Climate change is destabilizing the ‘doomsday glacier’


One of the ever-looming risks of climate change is water level increase, which currently threatens to displace countless individuals around the world and require them to move inland by the end of the century. A huge part of the increasing water levels are hotter temperature levels at the poles—house to huge glaciers and ice racks that hold vital amounts of frozen H2O. 

The Florida-sized Thwaites glacier in Antarctica, nicknamed the “doomsday glacier,” is currently losing 50 billion lots of ice each year. That in itself represents around 4 percent of yearly international water level increase. But unpublished research study shared at the American Geophysical Union fall conference today reveals that the thinning ice rack extending from Thwaites might shatter within the next 3 to 5 years. Behind Thwaites lies an even bigger body of ice that, if the glacier melts, will be exposed to significantly warm waters.

“Thwaites is the widest glacier in the world,” Ted Scambos, a senior research study researcher at the Cooperative Institute for Research in Environmental Sciences (CIRES) and lead organizer for the International Thwaites Glacier Collaboration (ITGC), stated in a news release. “It’s doubled its outflow speed within the last 30 years, and the glacier in its entirety holds enough water to raise [global] sea levels by over two feet. And it could lead to even more sea level rise, up to 10 feet, if it draws the surrounding glaciers with it.” 

[Related: Ice sheets can melt much faster than we thought]

Thwaites has actually remained in problem for a while now—and researchers have actually been attempting to find out how precisely climate change will affect the rate of melting on it and other susceptible glaciers. These brand-new insights, nevertheless, reveal that the warming Southern Ocean is melting the ice from below, forming big fractures throughout the drifting ice rack.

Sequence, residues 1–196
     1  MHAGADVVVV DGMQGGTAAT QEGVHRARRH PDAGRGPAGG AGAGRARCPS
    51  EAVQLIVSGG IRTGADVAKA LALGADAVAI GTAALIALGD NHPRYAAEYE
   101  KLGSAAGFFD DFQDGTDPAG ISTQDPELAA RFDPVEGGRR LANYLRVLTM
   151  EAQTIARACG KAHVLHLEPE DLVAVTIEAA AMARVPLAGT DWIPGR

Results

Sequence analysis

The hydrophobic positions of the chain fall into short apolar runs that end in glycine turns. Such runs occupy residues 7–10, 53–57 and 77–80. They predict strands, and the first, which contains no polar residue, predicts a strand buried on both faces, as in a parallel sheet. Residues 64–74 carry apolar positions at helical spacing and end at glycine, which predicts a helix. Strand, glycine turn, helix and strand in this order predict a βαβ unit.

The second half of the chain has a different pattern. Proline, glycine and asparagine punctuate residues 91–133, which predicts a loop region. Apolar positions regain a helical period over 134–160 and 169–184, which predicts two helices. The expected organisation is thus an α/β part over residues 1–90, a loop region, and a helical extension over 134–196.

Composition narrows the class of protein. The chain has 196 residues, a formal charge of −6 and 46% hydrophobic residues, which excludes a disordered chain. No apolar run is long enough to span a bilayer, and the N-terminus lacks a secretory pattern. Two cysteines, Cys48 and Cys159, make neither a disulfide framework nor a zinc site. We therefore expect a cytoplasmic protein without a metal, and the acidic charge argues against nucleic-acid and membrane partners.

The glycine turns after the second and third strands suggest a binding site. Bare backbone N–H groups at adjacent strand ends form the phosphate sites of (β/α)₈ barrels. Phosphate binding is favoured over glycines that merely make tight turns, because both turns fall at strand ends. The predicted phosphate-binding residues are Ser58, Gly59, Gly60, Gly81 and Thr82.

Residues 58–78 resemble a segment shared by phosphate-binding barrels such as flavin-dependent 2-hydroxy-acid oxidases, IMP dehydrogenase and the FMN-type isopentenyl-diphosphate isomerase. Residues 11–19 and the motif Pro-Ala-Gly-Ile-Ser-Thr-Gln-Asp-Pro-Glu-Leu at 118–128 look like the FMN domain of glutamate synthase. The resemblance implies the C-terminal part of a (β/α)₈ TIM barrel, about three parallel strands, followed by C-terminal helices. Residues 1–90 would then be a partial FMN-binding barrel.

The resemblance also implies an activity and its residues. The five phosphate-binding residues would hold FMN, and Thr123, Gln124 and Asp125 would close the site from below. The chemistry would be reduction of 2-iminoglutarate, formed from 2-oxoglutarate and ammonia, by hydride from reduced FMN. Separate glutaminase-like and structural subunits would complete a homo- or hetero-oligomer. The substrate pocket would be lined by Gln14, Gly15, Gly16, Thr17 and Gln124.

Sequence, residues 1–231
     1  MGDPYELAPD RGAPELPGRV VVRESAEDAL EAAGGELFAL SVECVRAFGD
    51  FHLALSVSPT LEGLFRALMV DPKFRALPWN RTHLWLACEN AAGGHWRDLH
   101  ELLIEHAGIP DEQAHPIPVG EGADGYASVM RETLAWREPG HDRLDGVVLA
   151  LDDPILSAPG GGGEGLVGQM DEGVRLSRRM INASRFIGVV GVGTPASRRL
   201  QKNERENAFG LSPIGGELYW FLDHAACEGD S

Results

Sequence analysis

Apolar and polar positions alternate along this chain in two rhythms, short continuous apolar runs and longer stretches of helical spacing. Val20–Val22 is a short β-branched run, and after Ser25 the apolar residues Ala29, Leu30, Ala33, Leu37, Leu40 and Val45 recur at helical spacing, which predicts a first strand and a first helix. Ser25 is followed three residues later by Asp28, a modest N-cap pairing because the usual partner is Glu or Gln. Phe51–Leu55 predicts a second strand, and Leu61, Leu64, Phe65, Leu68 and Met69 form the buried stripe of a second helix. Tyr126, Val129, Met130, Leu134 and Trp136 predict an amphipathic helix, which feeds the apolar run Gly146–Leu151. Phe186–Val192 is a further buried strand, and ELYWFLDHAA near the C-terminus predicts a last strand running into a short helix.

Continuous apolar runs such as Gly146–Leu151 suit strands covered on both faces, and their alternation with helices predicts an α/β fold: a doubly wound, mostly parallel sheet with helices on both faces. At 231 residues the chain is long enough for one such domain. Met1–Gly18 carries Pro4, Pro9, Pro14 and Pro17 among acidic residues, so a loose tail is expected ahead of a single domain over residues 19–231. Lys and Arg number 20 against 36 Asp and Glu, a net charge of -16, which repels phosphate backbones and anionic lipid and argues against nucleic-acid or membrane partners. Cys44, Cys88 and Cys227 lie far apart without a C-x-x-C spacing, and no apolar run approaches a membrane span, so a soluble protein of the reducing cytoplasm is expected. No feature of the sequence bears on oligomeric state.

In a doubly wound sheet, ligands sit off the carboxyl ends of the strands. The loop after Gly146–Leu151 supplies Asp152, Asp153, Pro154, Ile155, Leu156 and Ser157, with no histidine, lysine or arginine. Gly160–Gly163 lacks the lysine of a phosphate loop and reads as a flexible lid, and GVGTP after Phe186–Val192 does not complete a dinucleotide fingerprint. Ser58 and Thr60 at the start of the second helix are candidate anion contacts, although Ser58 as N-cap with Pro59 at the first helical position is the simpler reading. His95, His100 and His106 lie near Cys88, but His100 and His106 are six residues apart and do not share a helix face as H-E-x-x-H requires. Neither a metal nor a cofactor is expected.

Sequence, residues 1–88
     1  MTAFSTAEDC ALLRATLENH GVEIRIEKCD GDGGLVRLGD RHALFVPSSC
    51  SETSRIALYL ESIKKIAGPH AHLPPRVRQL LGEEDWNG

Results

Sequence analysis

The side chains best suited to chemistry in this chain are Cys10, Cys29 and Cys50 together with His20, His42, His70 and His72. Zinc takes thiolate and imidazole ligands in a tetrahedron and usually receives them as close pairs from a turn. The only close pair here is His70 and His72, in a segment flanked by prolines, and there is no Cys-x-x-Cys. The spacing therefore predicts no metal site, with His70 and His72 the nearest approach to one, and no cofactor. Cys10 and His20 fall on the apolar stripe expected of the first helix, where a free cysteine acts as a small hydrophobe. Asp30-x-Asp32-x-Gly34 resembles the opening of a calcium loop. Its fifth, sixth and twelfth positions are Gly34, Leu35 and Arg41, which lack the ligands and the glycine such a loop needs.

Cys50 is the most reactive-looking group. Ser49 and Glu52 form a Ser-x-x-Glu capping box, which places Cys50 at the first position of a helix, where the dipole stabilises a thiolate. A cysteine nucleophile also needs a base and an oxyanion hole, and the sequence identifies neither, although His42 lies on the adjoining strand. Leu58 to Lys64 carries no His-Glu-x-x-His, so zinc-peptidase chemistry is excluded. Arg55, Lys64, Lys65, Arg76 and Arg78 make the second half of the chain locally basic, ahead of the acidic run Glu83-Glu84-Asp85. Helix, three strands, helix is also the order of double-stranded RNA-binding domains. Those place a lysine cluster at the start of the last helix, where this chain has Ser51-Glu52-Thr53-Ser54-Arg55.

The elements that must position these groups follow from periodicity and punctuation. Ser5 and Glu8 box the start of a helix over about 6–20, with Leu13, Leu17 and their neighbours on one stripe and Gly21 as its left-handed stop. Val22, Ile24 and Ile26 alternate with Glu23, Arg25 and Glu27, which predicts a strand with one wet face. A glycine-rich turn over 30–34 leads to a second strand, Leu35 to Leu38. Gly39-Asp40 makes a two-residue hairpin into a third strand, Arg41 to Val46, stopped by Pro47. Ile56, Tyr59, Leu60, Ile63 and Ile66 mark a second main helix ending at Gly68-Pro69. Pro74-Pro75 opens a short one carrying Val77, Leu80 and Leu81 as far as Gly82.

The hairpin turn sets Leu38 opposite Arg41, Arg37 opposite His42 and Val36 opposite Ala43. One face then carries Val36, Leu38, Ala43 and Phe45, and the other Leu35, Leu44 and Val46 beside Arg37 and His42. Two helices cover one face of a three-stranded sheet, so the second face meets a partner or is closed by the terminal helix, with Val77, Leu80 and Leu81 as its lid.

“I visualize it somewhat similar to that car window where you have a few cracks that are slowly propagating, and then suddenly you go over a bump in your car and the whole thing just starts to shatter in every direction,” Erin Pettit, a glaciologist at Oregon State University in Corvallis, stated at the conference on December 13.

The ice rack is a drifting part of the glacier held constant by an “underwater mountain,” according to the CIRES release. If broken, it’s just a matter of time up until all that ice can melt and hurry into the ocean. “What’s most concerning about the recent results is that it’s pointing to a collapse of this ice shelf, this kind of safety band that holds the ice on the land,” Peter Davis, oceanographer with the British Antarctic Survey, informed CNN. “If we lose this ice shelf, then the glacier will flow into the ocean more quickly, contributing towards sea level rise.”

[Related: Cold War-era satellites bring bad news about melting glaciers around Everest]

Warming water sneaking beneath the glacier likewise triggers the ice to lose its grip on the “grounding zone”—the area of seabed holding the glacier in location. Peter Washam, a research study partner at Cornell University, found through a remote-controlled undersea robot that the grounding flooring is in “chaotic” shape due to warm water, rugged ice, and a steeply sloped base. Tides furthermore pump warm water in between the bedrock and the glacier, more affecting stability. 

“If Thwaites were to collapse, it would drag most of West Antarctica’s ice with it,” Scambos stated in the release. “So it’s critical to get a clearer picture of how the glacier will behave over the next 100 years.” Research from the ITGC, a group of 100 researchers comprising the biggest UK-US task on the southern continent in 70 years, will continue surveying Thwaites’s unstable future.



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